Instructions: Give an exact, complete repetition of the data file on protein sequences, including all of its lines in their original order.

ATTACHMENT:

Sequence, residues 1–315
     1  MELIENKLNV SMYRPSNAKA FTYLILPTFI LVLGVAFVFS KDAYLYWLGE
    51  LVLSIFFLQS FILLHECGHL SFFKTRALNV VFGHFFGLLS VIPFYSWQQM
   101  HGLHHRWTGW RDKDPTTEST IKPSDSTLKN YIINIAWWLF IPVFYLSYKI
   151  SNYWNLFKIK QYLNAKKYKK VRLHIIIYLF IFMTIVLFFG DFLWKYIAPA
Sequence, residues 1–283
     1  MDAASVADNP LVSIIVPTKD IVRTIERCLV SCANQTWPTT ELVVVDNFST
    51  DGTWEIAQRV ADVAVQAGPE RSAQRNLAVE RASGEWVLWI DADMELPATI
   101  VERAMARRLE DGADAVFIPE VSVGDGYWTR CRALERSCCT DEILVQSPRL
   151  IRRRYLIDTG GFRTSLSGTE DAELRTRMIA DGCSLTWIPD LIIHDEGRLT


Sequence, residues 1–315
     1  MELIENKLNV SMYRPSNAKA FTYLILPTFI LVLGVAFVFS KDAYLYWLGE
    51  LVLSIFFLQS FILLHECGHL SFFKTRALNV VFGHFFGLLS VIPFYSWQQM
   101  HGLHHRWTGW RDKDPTTEST IKPSDSTLKN YIINIAWWLF IPVFYLSYKI
   151  SNYWNLFKIK QYLNAKKYKK VRLHIIIYLF IFMTIVLFFG DFLWKYIAPA
Sequence, residues 1–283
     1  MDAASVADNP LVSIIVPTKD IVRTIERCLV SCANQTWPTT ELVVVDNFST
    51  DGTWEIAQRV ADVAVQAGPE RSAQRNLAVE RASGEWVLWI DADMELPATI
   101  VERAMARRLE DGADAVFIPE VSVGDGYWTR CRALERSCCT DEILVQSPRL
   151  IRRRYLIDTG GFRTSLSGTE DAELRTRMIA DGCSLTWIPD LIIHDEGRLT